The New Philosophy Vol 64 No 3, July-September 1961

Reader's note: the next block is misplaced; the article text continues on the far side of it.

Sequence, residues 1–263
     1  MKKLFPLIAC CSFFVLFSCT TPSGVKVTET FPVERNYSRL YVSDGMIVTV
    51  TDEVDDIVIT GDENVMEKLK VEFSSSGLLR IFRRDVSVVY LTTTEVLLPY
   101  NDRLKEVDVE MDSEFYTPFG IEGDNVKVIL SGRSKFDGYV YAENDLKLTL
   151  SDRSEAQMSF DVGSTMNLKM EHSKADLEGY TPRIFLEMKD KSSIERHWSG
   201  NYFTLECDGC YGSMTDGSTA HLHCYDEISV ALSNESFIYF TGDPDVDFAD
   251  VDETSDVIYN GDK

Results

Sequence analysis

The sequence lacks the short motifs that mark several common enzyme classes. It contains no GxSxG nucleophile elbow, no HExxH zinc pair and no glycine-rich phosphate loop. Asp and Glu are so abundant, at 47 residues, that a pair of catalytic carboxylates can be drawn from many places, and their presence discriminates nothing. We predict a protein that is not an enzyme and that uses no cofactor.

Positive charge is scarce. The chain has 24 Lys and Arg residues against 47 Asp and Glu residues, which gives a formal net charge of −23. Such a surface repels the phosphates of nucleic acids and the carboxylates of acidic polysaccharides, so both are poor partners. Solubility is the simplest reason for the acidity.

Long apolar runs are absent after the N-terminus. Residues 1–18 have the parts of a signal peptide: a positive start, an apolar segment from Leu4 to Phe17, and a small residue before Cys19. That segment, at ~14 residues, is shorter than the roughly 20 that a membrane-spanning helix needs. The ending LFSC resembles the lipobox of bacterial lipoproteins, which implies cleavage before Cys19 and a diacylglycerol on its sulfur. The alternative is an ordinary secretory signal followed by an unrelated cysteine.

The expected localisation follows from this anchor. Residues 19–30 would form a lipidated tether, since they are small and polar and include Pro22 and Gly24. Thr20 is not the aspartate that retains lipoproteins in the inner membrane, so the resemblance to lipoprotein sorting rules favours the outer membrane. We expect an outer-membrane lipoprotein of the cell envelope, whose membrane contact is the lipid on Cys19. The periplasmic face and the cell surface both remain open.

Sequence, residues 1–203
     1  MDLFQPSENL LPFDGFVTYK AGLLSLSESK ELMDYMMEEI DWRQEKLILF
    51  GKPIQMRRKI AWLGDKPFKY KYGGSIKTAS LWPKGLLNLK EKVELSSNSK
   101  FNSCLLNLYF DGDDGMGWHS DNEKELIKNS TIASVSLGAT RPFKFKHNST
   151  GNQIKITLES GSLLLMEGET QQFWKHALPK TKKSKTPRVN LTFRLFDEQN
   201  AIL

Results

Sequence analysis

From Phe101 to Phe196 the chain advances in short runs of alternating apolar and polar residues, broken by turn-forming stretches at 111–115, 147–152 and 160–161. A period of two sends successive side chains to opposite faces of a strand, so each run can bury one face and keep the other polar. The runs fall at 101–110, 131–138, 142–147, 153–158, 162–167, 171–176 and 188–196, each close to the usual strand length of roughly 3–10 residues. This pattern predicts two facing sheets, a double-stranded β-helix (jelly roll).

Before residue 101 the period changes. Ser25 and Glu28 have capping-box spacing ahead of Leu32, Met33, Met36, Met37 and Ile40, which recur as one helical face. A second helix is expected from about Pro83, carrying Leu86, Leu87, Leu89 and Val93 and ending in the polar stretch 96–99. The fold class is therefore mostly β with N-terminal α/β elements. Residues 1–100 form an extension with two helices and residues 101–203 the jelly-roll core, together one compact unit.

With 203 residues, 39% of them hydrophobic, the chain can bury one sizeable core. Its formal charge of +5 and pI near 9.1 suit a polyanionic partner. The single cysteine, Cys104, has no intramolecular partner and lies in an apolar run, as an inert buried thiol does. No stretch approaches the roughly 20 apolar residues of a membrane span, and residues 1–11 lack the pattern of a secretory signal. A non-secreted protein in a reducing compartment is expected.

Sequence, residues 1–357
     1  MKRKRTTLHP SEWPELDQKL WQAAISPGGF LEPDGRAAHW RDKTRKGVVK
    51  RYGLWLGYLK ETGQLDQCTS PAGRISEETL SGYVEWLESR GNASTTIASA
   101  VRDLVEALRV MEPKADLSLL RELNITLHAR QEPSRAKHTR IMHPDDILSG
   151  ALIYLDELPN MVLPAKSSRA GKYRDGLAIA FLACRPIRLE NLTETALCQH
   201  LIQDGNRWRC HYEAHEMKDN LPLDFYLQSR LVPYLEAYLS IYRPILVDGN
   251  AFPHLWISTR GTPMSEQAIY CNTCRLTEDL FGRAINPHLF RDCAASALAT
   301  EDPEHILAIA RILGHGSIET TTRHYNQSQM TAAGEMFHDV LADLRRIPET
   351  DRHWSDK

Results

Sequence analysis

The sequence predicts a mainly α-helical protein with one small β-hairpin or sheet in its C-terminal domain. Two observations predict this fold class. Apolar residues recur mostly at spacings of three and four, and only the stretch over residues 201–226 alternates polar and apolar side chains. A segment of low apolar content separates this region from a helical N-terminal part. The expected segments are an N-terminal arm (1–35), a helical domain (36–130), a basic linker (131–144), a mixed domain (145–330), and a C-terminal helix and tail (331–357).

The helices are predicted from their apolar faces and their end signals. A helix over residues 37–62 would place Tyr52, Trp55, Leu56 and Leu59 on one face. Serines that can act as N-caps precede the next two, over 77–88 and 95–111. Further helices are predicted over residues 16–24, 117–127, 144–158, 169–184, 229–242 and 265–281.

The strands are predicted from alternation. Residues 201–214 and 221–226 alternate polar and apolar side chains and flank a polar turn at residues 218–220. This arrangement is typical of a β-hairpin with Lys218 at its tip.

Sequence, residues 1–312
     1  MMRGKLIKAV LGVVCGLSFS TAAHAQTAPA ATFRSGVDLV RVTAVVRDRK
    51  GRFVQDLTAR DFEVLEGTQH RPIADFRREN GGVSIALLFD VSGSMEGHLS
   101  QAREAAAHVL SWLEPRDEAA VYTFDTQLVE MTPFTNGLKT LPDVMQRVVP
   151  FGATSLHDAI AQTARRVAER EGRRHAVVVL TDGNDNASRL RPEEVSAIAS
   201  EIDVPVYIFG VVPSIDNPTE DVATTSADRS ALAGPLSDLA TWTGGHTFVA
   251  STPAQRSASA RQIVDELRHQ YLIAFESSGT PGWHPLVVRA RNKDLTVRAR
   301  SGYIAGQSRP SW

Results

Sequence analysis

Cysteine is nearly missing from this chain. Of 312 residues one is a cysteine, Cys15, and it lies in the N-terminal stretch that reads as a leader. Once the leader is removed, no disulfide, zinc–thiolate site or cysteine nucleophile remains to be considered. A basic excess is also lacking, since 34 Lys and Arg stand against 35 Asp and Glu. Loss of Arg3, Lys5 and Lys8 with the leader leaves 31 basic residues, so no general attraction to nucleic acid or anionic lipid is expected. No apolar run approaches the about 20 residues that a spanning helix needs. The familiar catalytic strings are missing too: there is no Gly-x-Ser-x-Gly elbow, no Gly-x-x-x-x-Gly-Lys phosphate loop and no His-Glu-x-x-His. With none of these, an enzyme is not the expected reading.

Old Testament scholarship is a diverse and changing field, with a history all its own. It is not a unit that can be pinned down precisely with a few words. In a sense, its beginnings are ancient, for contradictions in the letter of Scripture were pointed out even in early Christian times. Scholars worried about the size of certain numbers, and inconsistency in them. But it was a Frenchman, Astruc, in the late eighteenth century, whose observations on the Divine names began the modern story. Then, in the latter half of the nineteenth century, a German named Julius Well- hausen brought to bear on the Old Testament, a systematic Hegelian philosophy, and reconstructed a history of Israel with basic differences from that presented by the literal sense itself. It was his work, presented in detail and with compelling intellect, that shook the Christian churches, and is the source of much of the doubt that remains concerning the role of Biblical scholarship in religion.